When found footage horror is done right, the effect on your psyche is searing. The boundaries between fiction and reality blur, spectral hands suddenly tearing down the safety net you’ve built in your brain, making you question everything you’ve ever known. When found footage horror is done wrong, it’s Night Book.
Night Book is an FMV, or Full Motion Video, experience, meaning it stars real actors in real sets, as part of an ‘interactive occult thriller’. We join poor, pregnant Loralyn as she attempts to do an online interpreter shift from home while her occasionally possessed father bangs his head against a wall in a room of scary drawings, and her fiance waves red flags from another country as he plans to steamroller a protected mystical forest and turn it into a hotel. Insert your relatable Covid lockdown meme here. The interactive element comes from a series of binary choices that appear throughout its 55 minute run time. If that sounds painfully short, it is, but that’s the least of Night Book’s worries.
The biggest shortcoming here is the term ‘interactive.’ Night Book’s binary choice-based narrative isn’t new but is particularly galling in this setting. All of Night Book takes place on a laptop as Loralyn loads up the BlackSky OS to log into her work account. It’s here where we find out that her boyfriend has added her webcam to the couples’ multi-camera security system so we can constantly watch her reactions to the creepy goings on in the name of ‘keeping her safe’. See? Red flags to match his red tie and Newton’s cradle.
This PC setting immediately draws parallels to Sam Barlow’s ludicrously compelling FMV game Her Story, where we use a programme’s search function to spool through hours of live video to uncover the truth in a series of police interviews. The almost voyeuristic thrill of piecing together our own story via a fictional operating system made Her Story unforgettable. Instead Night Book gives us an enticing laptop screen of files, programmes, and even alluring notifications and then hands the mouse to someone else. Here we sit powerless and occasionally get to make the choice to take a call or read an email but it feels like sitting out in the cold, watching a sub-par scary movie. Just an FYI, screaming ‘give me control’ doesn’t work but I did try it.
A multi-camera horror set up can be a goldmine for scares. 2020’s Zoom-set lockdown horror movie Host perfectly encapsulates the terror awaiting in modern communication technology, while, in games, Five Nights At Freddy’s and, more recently, Phasmophobia have turned flicking between security cameras into a nail-shredding art. Yet in Night Book, Loralyn gazing through the various rooms of her house is lacklustre and devoid of any tension. We even see FaceTime calls with her father (who you may or may not have locked in his room) but the use of tech is cold and clinical instead of relatable.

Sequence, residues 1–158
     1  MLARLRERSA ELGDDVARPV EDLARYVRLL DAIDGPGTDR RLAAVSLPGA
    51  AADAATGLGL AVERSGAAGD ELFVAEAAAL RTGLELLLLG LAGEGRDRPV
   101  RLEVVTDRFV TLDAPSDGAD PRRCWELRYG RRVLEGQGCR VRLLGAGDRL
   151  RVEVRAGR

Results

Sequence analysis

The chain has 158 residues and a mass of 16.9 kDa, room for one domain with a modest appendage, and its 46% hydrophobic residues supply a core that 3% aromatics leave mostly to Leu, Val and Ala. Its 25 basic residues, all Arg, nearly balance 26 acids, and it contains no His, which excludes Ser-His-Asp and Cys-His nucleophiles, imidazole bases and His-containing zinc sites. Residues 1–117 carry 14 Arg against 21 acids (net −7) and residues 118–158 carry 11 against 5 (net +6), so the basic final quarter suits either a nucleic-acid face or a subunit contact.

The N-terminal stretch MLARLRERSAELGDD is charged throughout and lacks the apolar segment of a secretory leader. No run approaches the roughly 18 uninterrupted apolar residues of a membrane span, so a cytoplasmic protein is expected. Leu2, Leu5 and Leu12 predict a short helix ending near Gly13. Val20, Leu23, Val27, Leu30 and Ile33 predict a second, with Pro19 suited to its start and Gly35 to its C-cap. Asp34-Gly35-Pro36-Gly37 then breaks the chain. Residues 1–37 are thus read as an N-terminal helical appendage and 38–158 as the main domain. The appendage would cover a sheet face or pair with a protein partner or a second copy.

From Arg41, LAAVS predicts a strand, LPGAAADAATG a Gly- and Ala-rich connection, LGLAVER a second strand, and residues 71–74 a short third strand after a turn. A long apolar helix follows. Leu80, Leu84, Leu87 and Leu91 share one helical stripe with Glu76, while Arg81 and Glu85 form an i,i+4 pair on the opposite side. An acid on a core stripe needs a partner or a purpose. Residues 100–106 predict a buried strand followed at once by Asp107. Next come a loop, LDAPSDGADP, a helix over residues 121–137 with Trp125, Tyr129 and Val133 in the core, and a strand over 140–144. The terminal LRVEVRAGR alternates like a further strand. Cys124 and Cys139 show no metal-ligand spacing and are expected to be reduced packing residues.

Some good performances can’t distract from the most used tricks in the horror book as artificial static floods the screen and, once again, all the kitchen drawers and cupboards open at once. The scares are constantly rote and forgettable. Where the movie Paranormal Activity has you desperately scanning a quiet night vision lit room for any sign of movement, knowing full well that it will give you a heart attack when a door slams, Night Book opts for some, err, gently growing pot plants and a vine appearing draped around a canvas like last year’s tinsel. Even when things get more serious, the night daytime TV HD-osity makes it exceptionally difficult to connect with.
And perhaps all of this wouldn’t feel quite so dull if our choices were actually entertaining. While there’s a surprising number of permutations and 15 endings to discover, the timed options themselves often feel strange and alien. During a test of Loralyn’s language skills we’re asked to ‘interpret’ or ‘translate’ which, to a layman not trained in the mystical fictitious language of Kannar, sound a lot like entirely the same thing. Another memorable lowlight is ‘leave the flat’ or ‘think of something else,’ once again handing the reins to Loralyn and shutting us out of the equation.
The choices themselves at least do make a difference. You can see a ‘butterfly effect’ animation appear in the top corner of the screen when you’ve done something that will really affect the narrative. These can be choices between life and death and one in particular changes a large conceit of the game and introduces different characters. The only problem is that you won’t even want to go through it again to find out who they are.
At the start of the game you’re introduced to a personality tracker in the menu to check your relationships on a bar but this feels entirely redundant and pointless. The same can be said for the documents you read. While one letter actually looks like a letter, another ‘Conspiracy theory page’ that apparently arrives by email is a pathetic attempt at ingame lore that makes this world as transparent as Loralyn’s fiance’s intentions.
Relying on scare tropes that modern horror movies have subverted themselves at least eight times since, Night Book is exceptionally disappointing. The choice of a non-interactive PC as a setting makes every binary decision feel frustrating, and while there’s a surprising number of endings to discover, you’ll have absolutely no desire to see them once the credits roll.
Night Book is available for PC, PS4, PS5, Xbox One, Xbox Series X|S, Nintendo Switch and iOS devices. This review is of the PC version.
Only loosely interactive and definitely not thrilling, Night Book is a subpar addition to the FMV stable. Found footage tropes are rinsed shamelessly and the lack of any meaningful engagement means the only true horror is the lost potential.
- Some good performances
- Surprising number of narrative permutations
- Lack of true interaction is frustrating
- Binary choices are badly handled
- Full of tired horror tropes
- Painfully short